Winter Semester 2010 / 2011,

Elastic

Many natural phenomena can only be understood through the examina- tion of their structures and processes on micro- and nano-cosmos levels but their effects - on the meso- and macro-cosm scale. They provide a comprehensive resource for technical solutions, enabling better functions as well as optimized adaptations to the ecosys- tem.

A particular example of nature's inventiveness is the dragonfly, an ancient insect species which until today has unmatched flight and navigation skills. Fascinating features of the dragonfly include their compound eyes, each integrating around 30.000 sing- le eyes, which act as »horizon detectors« and their two pairs of wings. Here the focus is put on the particular construction of the wings. These contain an elastic grid structure, which is able to store and release energy and thus adapt to various flight situa- tions without using direct muscle force. Crucial is the elastic protein called resilin, located at certain nodal points of the otherwise grid system of the wing.

The research started with materials experiments with an aim to find out which material combinations, when assembled in grid structure, could best reproduce this function. instead of incorpo- rating elastic joints, which would be the direct transfer of this natural analogy, a system of tubes and elastic ropes was develo- ped, which is similar in function, but easier to be realised. The crucial difference here is that the elasticity is based on tension and in contrast to an elastomer compound can be adjusted as ne- cessary. Another aspect in the behaviour of this newly developed surface is a light and elastic membrane which can be inserted in the interspaces.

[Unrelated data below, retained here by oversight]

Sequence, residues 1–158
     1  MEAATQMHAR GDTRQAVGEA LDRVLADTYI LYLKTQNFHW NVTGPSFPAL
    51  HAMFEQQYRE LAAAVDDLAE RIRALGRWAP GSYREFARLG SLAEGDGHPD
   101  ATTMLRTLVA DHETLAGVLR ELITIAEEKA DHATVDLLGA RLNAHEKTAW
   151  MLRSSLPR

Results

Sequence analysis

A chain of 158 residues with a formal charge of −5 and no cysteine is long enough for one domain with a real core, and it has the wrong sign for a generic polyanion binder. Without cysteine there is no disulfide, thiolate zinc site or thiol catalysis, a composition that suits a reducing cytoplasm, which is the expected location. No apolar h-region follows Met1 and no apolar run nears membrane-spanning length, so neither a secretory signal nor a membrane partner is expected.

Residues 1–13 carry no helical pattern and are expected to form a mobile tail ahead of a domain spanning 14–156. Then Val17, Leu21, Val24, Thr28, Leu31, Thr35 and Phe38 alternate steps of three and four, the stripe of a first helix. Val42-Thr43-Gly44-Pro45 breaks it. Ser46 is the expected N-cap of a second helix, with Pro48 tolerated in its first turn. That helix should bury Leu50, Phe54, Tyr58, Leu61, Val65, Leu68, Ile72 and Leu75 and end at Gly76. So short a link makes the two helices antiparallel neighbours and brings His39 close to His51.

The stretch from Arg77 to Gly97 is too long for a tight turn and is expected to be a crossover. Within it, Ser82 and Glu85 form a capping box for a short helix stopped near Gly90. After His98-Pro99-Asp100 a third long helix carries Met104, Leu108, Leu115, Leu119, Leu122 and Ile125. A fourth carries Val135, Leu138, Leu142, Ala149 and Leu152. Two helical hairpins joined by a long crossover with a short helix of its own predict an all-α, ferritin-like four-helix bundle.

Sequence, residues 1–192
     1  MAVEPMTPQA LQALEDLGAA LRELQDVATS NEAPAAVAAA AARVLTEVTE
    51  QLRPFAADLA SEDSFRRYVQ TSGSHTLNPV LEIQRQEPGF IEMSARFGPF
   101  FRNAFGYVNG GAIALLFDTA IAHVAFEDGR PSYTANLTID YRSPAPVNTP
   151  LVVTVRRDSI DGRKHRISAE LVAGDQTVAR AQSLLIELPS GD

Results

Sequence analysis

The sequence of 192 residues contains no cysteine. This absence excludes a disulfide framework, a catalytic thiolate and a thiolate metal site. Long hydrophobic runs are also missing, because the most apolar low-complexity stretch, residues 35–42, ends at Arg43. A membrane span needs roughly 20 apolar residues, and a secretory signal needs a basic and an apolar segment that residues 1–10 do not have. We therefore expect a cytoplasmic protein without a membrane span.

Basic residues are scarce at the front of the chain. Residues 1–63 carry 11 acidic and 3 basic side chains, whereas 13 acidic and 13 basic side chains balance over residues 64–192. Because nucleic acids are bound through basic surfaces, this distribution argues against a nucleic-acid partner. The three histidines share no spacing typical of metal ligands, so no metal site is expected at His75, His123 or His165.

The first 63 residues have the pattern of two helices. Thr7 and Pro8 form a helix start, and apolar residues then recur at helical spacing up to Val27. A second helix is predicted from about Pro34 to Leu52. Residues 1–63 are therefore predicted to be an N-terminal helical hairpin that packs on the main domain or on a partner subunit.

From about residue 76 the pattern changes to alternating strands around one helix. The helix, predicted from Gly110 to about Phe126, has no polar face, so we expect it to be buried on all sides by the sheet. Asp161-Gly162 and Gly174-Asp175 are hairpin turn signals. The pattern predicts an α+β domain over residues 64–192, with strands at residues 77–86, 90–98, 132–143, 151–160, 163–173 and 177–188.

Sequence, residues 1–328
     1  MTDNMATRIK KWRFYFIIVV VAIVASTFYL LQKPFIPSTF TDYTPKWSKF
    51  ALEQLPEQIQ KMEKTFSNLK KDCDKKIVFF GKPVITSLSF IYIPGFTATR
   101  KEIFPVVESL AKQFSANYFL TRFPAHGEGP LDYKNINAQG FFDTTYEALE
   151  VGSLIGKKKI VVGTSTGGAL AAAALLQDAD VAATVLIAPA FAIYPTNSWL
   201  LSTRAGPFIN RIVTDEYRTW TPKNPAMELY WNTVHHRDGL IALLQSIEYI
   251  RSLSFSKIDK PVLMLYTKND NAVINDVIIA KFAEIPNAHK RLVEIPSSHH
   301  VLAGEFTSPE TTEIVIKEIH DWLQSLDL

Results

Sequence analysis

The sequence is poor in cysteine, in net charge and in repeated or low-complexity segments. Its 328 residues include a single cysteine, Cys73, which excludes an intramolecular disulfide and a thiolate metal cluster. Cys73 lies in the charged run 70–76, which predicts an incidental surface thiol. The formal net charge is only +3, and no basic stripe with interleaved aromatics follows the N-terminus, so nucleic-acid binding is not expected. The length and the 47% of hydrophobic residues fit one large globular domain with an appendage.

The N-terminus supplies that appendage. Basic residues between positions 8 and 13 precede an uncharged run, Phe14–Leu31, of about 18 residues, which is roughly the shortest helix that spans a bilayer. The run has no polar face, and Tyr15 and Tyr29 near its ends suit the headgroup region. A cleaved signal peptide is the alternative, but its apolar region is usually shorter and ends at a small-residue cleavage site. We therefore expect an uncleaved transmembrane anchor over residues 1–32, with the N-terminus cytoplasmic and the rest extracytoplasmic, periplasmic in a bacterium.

The result is a model of a movable and adaptive structural sys- tem, the aesthetics and functions of which is suggested primari- ly for an architectural use. it is characterized by its own form language and by its capability of transformation. The interesting point is that this system, despite its regular geometric basic form, can take most different and irregular shapes depending on the applied tension and setup. Also, if realised on large scale, it would be lightweight. Furthermore it can fold up to small dimensions and accordingly be easily transported.

The initial grid structure, based on units of equal length, could be further extended by elements of variable length, thus even en- hancing its architectural attractiveness. Although it is a visibly technical membrane construction, the adaptive and transformative behaviour causes a strong relation to naturally organised forms.

Participants Carolina del Pilar
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